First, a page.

The Neo-psychedelic movement has been good to Chicago. In fact, I think our town has played a huge role in the formation of this new psych movement that has been gaining momentum for the last two decades. The Red Plastic Buddha are a major part of Chicago’s psychedelic scene that deserve your attention.

With almost 10 years of experience behind them, and 3 full length LPs out, you may very well already be “in the know”. For those that have yet to be seduced by their sweet, melodic, psych pop stylings, here is a look at their latest release, Songs For Mara.

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Following their impressive 2011 album All Out Revolution, had to have been a nerve-racking process. Luckily, Songs for Mara stays true to the qualities that worked so well on Revolution but is not afraid to explore new territory. Even with songs that are often times a bit darker thematically, the album as a whole maintains its pop sensibilities.

The opening track “She’s an Alien” features some gorgeous ’60s inspired melodies that when paired with layers of keys and guitar noise, make for a track that sounds just as modern as it does vintage.

“Little White Pills” is a bit more atmospheric. The song meanders from driving psychedelic rock sound into a slow, ethereal chorus and back, effortlessly. Just when you think it’s done, it kicks back in with a gentle build up of hypnotic drums and guitars that lead into one last rave-up.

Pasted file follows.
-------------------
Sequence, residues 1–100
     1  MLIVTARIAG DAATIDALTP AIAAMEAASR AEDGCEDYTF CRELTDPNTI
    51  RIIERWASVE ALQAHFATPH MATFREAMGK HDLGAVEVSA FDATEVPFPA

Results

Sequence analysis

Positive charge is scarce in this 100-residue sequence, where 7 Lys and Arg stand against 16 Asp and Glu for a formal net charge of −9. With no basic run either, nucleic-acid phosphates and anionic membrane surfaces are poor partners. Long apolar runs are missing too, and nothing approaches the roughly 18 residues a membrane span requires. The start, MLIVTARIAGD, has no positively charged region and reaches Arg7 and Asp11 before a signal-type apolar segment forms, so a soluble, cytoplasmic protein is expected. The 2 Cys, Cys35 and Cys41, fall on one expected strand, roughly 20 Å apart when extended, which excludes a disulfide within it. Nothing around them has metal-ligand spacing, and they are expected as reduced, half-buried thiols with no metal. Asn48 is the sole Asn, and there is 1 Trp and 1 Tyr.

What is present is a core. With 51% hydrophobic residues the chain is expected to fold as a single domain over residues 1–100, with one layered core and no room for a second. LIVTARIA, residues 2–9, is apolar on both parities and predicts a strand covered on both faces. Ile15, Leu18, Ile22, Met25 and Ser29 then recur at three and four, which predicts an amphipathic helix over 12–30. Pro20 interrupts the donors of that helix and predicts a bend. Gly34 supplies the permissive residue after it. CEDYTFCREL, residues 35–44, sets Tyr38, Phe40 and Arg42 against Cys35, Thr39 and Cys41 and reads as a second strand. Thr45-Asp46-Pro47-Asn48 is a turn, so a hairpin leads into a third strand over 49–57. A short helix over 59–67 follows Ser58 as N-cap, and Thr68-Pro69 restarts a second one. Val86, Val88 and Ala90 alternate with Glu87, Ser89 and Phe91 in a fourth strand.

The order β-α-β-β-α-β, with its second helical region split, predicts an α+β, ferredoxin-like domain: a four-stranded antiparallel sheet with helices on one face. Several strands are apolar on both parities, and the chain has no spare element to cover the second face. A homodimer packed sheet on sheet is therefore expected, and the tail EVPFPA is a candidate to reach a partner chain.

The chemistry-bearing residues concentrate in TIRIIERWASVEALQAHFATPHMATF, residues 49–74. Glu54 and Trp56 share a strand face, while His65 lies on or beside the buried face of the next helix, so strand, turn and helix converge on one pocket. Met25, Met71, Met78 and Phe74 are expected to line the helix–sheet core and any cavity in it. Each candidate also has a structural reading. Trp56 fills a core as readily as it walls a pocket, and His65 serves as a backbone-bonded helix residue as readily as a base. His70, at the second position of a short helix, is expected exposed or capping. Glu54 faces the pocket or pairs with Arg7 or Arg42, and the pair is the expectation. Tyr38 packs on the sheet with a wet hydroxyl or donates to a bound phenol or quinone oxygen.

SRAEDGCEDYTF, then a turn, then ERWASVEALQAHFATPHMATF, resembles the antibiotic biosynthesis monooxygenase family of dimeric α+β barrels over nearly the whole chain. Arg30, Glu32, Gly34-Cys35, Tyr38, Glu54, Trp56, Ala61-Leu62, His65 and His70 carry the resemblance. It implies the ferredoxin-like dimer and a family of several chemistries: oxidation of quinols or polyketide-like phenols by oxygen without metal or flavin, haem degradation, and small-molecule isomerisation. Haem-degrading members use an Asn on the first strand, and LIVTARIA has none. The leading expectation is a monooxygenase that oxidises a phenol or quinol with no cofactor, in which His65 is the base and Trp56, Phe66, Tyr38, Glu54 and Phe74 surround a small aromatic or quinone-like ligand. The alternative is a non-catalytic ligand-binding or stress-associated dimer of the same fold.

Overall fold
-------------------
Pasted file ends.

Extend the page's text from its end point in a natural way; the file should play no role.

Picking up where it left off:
The third track, “Being Human”,  brings with it a more somber, introspective tone. It has some of the qualities found in the quieter side of the Brian Jonestown Massacre, namely a well placed flute solo. Lyrically, the song is a thought-provoking and overtly existential number. Especially in the line, “I’m no good at being human”, repeated throughout the chorus.

Bringing the album back into the upbeat melodic pop sound you’ve come to love, is “Go”. The track builds to a wall of sound that provides the perfect backdrop for bassist/singer Tim Ferguson’s lyrics laden with psychedelic imagery of dinosaurs, war, and supersonic minotaurs. Easily a favorite of mine and one of the album’s standouts.

“Go” ends in a raucous noise jam that  leads right into “Staring into the Void”, a Syd Barrett era, Pink Floydian, collage of sounds and voices. The track ends with a haunting chorus of whispers telling you,”It’s not over yet…” And it’s not.

Straddling the midpoint of the album, “A House is Not a Motel” is a psych rock masterpiece. The combination of screeching guitar solos, pounding drums, and some fast tambourines really make this track hard to ignore.

“Trip Inside This House” is an upbeat rocker that sounds right out of the ’70s prog rock scene. It “shreds” a bit more than the rest of the album but doesn’t feel out of place at all.

Skipping ahead a few tracks, the energy of the album doesn’t wane one bit as it comes to a close. “Cosmonaut” is catchy as hell, it sounds like Stereolab if they had been around a few decades earlier.

Songs for Mara ends on high note. The last two tracks “Girl Like You” and “Stuck on Zero” both have all of the elements that make a classic psych tune. They’d fit right in on a Nuggets compilations, among all of the other unearthed psychedelic gems from the ’60s and ’70s.

All in all, Songs for Mara is a great addition to the band’s discography. They break out of their psychedelic shell a bit, in favor of a more guitar/keyboard driven rock sound. That being said, there are still plenty of trippy, psychedelic moments to keep you entranced.

Stream the rest of the album free via bandcamp, and keep an eye out for a limited CD/Vinyl release, coming soon via Space Cat Records.

Upcoming Shows

August 21st Stadium Green at Soldier Field

September 11th Burlington Bar

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